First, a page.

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Creating Useable Website - 10 Things to Avoid

Creating Useable Website - 10 Things to Avoid
  1. Avoid simplistic search engine on the web site they may be easier to install but they are not better for your site and definitely not for your users. On site search engines are almost everywhere these days. They help the user find just what they want on a large website and avoid fumbling around. However, a poor search engine that will not take into account misspelled words or typos or that will not prioritize the search results may end up frustrating the user and making the site less useable. Use a search engine that will not require exact spellings, which will offer results "close" to the term typed if no exact match is found.
  2. Using a single color for links is an example of poor website design. Links should have at least three colors, one for those unvisited, one for those active and one for the links that have been visited. There are few things more frustrating to a person surfing than seeing the same page repeatedly because the link title was different and the site uses only a single color for links. Increase your site's value, decrease your bandwidth and increase your surfer's satisfaction by differentiating your link colors.
  3. Avoid the Great Wall of Text. Surfers will not read it in fact they will actively avoid it in most cases. Break your text up make it brief. Highlight keywords, use numbering, and keep your paragraphs down to less than 100 words when possible. Put the important points first just as if you were writing for a newspaper. If you are selling, then put in action words first. Buy, sell, learn, avoid, take, and discover are all action words, which invite the user to interact with your site and your text.
  4. Avoid fixed text size at all costs. There are several reasons for avoiding taking over a browser and fixing the font size even though, you can now specify font size throughout a site with the use of CSS. An increasingly large number of surfers are older now and small fonts will make your site less useable and less friendly for them.
  5. Using PDF files should be avoided. PDF files are not user friendly online though they make perfect sense for the person printing text. They are hard to navigate, break the flow and generally create a poor user experience. Surfers in general hate pdf files and will avoid them if possible and so should you.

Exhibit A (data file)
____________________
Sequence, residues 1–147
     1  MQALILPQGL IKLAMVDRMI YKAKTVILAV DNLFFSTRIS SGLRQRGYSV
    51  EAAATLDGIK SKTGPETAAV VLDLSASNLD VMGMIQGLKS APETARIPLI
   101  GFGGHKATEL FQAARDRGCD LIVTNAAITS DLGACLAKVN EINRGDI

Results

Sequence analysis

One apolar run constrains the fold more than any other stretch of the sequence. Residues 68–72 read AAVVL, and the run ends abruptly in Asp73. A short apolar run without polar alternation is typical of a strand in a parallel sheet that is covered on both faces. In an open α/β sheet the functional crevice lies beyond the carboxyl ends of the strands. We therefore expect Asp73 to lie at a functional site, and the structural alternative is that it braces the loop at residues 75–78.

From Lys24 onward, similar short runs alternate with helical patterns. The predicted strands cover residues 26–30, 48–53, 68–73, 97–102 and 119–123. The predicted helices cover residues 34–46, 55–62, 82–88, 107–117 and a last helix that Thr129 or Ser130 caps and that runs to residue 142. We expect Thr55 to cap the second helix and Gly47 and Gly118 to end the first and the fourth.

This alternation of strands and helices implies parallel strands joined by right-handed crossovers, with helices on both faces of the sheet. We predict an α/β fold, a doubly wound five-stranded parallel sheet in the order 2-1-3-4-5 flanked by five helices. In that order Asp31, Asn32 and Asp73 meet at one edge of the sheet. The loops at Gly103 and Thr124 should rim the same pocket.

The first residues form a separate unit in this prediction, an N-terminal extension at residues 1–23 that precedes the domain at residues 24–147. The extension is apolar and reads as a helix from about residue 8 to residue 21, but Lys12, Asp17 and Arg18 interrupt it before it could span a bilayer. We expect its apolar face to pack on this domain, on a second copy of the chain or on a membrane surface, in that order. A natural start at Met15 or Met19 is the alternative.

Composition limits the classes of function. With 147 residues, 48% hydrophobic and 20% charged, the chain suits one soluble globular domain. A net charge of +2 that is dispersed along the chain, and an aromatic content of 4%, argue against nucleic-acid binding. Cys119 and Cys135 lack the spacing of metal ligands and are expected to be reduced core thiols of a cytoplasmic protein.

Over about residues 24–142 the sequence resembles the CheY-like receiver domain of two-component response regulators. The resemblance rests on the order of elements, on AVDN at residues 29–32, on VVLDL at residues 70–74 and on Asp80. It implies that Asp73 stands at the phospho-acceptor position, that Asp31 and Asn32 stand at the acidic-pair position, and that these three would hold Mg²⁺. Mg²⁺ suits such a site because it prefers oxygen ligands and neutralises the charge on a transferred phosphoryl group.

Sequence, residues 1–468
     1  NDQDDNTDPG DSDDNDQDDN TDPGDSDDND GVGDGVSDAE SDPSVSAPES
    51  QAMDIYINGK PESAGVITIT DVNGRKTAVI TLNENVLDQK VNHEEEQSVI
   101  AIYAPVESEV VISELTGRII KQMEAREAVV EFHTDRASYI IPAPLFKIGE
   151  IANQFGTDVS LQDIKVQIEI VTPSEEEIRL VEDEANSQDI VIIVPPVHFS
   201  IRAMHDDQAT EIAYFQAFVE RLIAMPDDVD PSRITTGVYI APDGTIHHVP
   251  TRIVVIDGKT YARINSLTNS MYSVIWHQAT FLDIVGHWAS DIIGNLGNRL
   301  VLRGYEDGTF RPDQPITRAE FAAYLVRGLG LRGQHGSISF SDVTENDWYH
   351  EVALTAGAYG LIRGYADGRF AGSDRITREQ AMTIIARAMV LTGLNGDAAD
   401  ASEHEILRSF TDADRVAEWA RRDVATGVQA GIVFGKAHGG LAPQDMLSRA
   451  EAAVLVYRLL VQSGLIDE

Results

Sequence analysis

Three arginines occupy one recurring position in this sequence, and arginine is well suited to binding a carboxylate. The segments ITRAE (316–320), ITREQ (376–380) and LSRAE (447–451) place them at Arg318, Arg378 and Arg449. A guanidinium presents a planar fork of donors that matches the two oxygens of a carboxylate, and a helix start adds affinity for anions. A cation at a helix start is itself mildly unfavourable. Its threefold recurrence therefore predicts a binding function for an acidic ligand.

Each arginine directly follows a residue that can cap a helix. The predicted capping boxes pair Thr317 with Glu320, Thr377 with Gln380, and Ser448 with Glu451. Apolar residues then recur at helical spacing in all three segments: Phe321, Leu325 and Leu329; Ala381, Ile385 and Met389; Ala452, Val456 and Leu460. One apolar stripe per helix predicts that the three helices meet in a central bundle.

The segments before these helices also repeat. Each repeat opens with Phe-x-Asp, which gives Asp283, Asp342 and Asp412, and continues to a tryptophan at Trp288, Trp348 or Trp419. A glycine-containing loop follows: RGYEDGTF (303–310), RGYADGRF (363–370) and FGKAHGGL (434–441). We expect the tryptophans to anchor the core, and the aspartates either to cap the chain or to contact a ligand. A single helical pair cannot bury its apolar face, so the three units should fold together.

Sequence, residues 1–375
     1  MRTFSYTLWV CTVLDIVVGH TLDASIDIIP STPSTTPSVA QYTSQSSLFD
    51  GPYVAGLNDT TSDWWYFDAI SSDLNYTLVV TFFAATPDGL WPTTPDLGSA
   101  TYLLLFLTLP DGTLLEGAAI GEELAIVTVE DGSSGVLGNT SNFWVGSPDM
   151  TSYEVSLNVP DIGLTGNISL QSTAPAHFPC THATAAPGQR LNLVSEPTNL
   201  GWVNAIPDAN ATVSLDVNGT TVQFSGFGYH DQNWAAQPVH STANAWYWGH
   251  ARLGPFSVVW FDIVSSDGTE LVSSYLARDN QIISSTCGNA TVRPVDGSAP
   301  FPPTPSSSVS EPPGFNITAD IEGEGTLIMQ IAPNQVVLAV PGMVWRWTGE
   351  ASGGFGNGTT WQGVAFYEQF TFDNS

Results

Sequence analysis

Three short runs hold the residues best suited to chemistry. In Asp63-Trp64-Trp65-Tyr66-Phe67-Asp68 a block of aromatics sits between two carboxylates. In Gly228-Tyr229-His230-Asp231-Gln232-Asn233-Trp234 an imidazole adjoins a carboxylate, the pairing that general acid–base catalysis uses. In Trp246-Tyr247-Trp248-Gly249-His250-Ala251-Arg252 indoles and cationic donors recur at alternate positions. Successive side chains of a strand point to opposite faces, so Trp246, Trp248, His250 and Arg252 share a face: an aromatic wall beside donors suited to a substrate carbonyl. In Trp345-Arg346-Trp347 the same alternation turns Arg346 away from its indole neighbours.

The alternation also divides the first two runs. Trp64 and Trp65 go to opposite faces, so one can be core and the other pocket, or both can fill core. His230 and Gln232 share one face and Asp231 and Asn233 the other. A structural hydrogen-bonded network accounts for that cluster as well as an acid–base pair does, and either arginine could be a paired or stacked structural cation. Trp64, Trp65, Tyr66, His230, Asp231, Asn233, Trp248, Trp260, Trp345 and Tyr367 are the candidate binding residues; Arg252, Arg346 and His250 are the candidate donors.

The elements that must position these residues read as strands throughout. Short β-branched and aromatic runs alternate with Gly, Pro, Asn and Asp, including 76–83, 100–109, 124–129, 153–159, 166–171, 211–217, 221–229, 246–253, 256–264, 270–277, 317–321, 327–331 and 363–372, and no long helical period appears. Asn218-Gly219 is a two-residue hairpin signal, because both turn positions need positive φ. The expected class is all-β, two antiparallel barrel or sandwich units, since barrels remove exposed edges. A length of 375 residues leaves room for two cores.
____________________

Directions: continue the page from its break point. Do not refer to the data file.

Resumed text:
6. Complex and strange website navigation is a mistake. Most surfers will take their basic training in the internet on a variety of sites. They like what they understand and feel comfortable with and putting in odd navigation or unexpected links will confuse them. Today, if they do not like a site and it seems too hard to use, they simply go to another. Make your site easy to use and obey the more common navigation styles so the users do not become uncomfortable.
  7. Forcing the user, somewhere he does not want to go is a huge mistake. One of the most hated experiences on the internet is the popup, and even though popup blockers are common now, people find ways around it. Interestingly enough the new overlays, which grey out the site and present an ad are becoming popular. If you feel you must use those, give the user a way to close those ads or they will go somewhere else. People want to feel in control of their systems if you try to take that control from them, you will lose them to a site that does not.
  8. Not maximizing your search engine visibility on your pages is a tremendous error. The page title is probably the first thing a search engine sees, it is also what is used for the bookmark title. You have just a few characters in which to state a message and you do not want your page title to bookmarked under something completely inappropriate. Start your page title off with the topic not "Hello, and welcome to".
  9. Using advertisements that resemble advertisements is an error. Unlike the early days of the internet when users were easy to tempt into clicking an ad, these days they have become ad blind. They do not see it if it resembles an advertisement, they have been trained not to.
  10. Information is king and failure to provide it is - failure. Information runs the internet and most people are on a website looking for it. In other words, they want questions answered such as "how much" "when" "where" or even "is there a warranty" and more. If you do not provide the information even if your design is great, your site is easy to navigate and the experience is, good the user will go elsewhere to get their answers. List the price, outline the features, and even detail the warranty, because they want to know.

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